Italian directing duo the Manetti brothers continue their genre-hoping voyage through the cinematic universe with The Arrival of Wang (2011), an extra-terrestrial sci-fi horror that’ll no doubt titillate and captivate audiences at this year’s Film4 FrightFest. Gaia (Francesca Cuttica) is an Italian interpreter who’s persuaded by a shady government agent (Ennio Fantastichini) to translate a top-secret examination of an enigmatic Chinese gentleman known only as Mr. Wang (voiced by Li Yong). Blindfolded and led to a nondescript bunker, Gaia soon discovers that the job is far more irregular and complex than she was first lead to think.
Our heroine isn’t even allowed to see Wang, and must conduct the interview in complete darkness. However, as the questioning become increasingly aggressive and Wang’s allure more mysterious, Gaia demands that the lights be switched on if she’s to continue. It transpires that Wang is an alien who has logically studied Mandarin after ascertaining it to be the most widely-spoken language on the planet. There’s no escaping the financial impediments of the Manetti brother’s micro-budget sci-fi. From the shoddy set and creature designs to the cast’s amateur acting, The Arrival of Wang has all the aesthetic values of a low-grade B-movie. Yet, there’s an absorbing example of exploitation cinema behind the film’s tacky façade.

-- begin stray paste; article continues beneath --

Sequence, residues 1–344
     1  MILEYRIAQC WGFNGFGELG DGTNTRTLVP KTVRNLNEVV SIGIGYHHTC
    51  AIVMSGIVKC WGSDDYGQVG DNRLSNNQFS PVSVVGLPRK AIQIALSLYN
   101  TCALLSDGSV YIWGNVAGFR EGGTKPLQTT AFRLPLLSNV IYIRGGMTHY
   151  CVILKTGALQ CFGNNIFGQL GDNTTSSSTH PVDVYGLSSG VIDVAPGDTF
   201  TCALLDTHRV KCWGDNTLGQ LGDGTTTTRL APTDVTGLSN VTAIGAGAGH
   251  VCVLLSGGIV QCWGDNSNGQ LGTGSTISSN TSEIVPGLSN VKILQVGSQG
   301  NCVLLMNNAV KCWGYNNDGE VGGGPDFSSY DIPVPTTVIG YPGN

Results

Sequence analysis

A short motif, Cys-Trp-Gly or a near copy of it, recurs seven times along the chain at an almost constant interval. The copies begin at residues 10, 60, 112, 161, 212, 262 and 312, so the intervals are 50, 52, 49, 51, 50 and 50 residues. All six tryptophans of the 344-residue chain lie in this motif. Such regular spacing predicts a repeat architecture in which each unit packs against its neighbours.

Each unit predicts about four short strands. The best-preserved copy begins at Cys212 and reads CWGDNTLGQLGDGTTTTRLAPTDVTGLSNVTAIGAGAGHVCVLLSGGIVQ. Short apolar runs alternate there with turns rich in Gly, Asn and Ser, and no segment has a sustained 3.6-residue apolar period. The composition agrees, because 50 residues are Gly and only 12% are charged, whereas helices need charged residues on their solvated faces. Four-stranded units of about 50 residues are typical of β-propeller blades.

The Arrival of Wang is well aware of the absurdity of its central premise, and thanks to a strong understanding of narrative structure, manages to keep the audience captivated throughout. Successfully thrusting the viewer into Gaia’s precarious situation by carefully revealing Wang’s furtive activities – courtesy of a series of flashbacks from her fellow captive Amunike (Juliet Esey Joseph) – the Manetti brothers succeed in keeping their audience both intrigued and engaged.
Like all good science fiction, The Arrival of Wang has a culturally significant message that flows beneath its outlandish premise. Touching on the moral complexity behind interrogation and the heightened anxiety behind police procedural in a post-9/11 world, there’s plenty to muse upon after the film’s dramatic finale. Cheap yet undeniably cheerful, the Manetti’s sci-fi oddity is destined to be one of the most talked about additions to this year’s FrightFest programme.
From 23-27 August, CineVue will be reporting back from this year’s Film4 FrightFest with a bucket-load of gruesome reviews. For more of our festival coverage, simply follow this link.